The Solution Manager helps you sort out which relationships are causing a particular edit to not work as expected. It also helps you visualize different solutions to the problem by analyzing the error chain.
If I select the end face of the model, as shown, and drag the Steering Wheel arrow out from the model, this edit fails for reasons we are about to research.
Finding out why things happen is an important way to understanding how things work and what you should reasonably be able to expect your tools to do. A few extra minutes spent researching problems from time to time will build your skills and knowledge of the software significantly.
When I click to place the face about an inch from the original, the model faces turn colors.
The colors, from top to bottom of the legend shown above right, are:
Transparent = doesn’t take part in solution
Green = selected
Orange = error chain
Blue = solves correctly
Red = isolated (selected rules turned off)
Purple = rigid set
Black = grounded
Slate = rules totally off
The colors that you are concerned about here are the orange faces. History-based users can think of all the orange faces being overconstrained. Orange is the “error chain” color. Think of a chain that is preventing your edit from happening. Each dimension, face relation, or Design Intent assumption is a link in that chain, and you have to decide which link to relax, or break in order to allow your edit to work.
The way to examine the links in the chain is with right mouse button clicks and hovering with your mouse. For example, I can see that the fillet face is part of the error chain because it is orange. Notice that the 2.577 dimension is orange, because it is also part of the problem.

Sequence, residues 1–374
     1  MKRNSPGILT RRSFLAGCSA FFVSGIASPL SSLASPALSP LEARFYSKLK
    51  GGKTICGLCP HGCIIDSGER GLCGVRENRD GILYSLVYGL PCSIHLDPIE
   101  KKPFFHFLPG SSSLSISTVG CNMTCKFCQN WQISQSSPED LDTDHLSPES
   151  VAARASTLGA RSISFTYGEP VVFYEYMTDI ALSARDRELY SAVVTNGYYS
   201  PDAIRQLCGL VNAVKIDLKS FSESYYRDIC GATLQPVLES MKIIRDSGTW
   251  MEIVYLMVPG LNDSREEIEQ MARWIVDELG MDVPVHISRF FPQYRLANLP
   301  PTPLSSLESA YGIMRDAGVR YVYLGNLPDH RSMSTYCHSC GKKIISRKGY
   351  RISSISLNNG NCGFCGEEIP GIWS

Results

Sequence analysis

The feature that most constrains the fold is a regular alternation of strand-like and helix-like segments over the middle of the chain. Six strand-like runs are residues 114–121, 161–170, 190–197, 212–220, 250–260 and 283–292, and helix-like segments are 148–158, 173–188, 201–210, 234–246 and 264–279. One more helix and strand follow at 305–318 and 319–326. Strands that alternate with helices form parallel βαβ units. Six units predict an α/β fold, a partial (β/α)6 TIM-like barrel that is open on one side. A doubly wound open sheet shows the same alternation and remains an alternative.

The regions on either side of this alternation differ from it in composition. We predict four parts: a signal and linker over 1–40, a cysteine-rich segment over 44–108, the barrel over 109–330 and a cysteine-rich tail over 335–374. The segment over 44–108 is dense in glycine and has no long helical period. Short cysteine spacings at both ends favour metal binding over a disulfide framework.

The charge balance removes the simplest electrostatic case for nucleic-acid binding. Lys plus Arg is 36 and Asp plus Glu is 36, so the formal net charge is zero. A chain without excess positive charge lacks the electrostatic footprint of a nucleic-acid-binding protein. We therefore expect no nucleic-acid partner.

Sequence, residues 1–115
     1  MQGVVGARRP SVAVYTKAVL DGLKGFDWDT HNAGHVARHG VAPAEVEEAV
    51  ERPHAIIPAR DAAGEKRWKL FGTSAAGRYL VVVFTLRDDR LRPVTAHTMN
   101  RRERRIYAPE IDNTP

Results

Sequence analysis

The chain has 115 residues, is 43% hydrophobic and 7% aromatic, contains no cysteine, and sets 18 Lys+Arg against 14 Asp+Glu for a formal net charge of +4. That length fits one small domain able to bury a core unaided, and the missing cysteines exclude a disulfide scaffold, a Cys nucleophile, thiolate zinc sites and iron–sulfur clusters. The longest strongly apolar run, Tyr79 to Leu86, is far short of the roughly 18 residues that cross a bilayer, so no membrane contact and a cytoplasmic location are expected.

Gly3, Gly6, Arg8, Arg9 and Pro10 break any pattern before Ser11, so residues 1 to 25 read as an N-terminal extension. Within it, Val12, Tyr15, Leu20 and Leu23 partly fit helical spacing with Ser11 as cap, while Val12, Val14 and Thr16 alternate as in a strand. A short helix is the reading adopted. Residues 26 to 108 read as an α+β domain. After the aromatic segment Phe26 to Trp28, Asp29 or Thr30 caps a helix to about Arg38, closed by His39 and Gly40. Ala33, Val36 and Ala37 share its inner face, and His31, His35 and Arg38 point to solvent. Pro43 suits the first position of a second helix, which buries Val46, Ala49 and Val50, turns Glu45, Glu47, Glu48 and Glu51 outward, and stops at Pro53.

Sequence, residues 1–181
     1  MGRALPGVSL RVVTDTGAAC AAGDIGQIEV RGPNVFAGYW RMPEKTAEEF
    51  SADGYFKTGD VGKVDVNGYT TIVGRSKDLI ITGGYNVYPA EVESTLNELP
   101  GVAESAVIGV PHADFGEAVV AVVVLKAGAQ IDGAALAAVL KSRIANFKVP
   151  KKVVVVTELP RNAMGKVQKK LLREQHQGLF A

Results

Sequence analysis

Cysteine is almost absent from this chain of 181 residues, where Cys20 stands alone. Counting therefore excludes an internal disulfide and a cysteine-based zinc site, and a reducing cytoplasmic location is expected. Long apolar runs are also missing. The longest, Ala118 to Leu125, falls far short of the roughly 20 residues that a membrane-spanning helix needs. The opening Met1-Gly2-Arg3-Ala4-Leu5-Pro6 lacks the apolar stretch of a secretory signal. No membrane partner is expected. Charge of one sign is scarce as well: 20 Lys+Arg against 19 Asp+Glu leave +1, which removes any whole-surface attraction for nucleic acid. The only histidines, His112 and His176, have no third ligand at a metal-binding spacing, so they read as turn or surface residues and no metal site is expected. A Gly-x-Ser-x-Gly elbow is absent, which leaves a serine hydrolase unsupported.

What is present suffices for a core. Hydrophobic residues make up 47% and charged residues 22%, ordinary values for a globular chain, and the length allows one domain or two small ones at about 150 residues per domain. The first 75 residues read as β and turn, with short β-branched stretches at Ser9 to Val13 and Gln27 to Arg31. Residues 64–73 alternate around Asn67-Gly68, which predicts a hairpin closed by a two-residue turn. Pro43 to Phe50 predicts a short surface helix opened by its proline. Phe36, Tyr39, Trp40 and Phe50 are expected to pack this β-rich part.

When you right click on the fillet face, the Solution Manager shows the set of relation icons to the right. The yellow triangle means that relation is part of the error chain, so the tangent between the fillet and the top flat face is not part of the problem.
This tells you that the fillet face has three Design Intent assumptions, and hovering your mouse over the icons will highlight the two faces involved in each relation. So hovering over the Concentric icon highlights the fillet face and the hole.
If you click on one of the icons, it will go gray and break that relation temporarily, and show what the model would look like with that relation broken. Clicking on the Concentric relation breaks the error chain, and shows what the model would look like without that relation.
To put the model back the way it was, click on the gray icon again to reactivate it and show the model in its error state again.
Next, I’ll click the right mouse button again to hide the icons, and then right click on the face of the hole. This shows the relations attached to that hole, and brings up the concentric icon as well as a dimension icon. If you click the dimension icon, that button goes gray, and the Solution Manager turns the locked 2.577 dimension to an unlocked (blue) dimension, meaning that the edit would drive the dimension. This solves the problem , but in such a way that the hole moves to match the fillet.
Accept this second result by clicking on the green checkmark in the Advanced Design Intent.
There are a few things here to remember, but with all of the symbols decoded and the ways to access the information spelled out, the Solution Manager is accessible. With the Solution Manager as a safety net, you can feel more secure in exploring more Synchronous Edits I think this also helps demonstrate that Synchronous really works backwards from the “fully constrained” concept. Nothing is going to move unless you allow it, which is the reverse of the basic history-based concept which is everything can move unless you constrain it.
Thanks to Chris Dayton in Planning for helping me with some of the ideas for how to explain this, and for the use of a model I borrowed from him.